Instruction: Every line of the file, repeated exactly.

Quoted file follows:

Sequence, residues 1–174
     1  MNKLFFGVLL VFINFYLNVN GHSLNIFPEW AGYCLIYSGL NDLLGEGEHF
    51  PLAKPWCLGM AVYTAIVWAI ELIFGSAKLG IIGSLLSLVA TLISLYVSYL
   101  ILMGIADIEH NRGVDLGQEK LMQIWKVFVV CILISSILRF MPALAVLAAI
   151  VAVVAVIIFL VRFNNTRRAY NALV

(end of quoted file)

Sequence, residues 1–174
     1  MNKLFFGVLL VFINFYLNVN GHSLNIFPEW AGYCLIYSGL NDLLGEGEHF
    51  PLAKPWCLGM AVYTAIVWAI ELIFGSAKLG IIGSLLSLVA TLISLYVSYL
   101  ILMGIADIEH NRGVDLGQEK LMQIWKVFVV CILISSILRF MPALAVLAAI
   151  VAVVAVIIFL VRFNNTRRAY NALV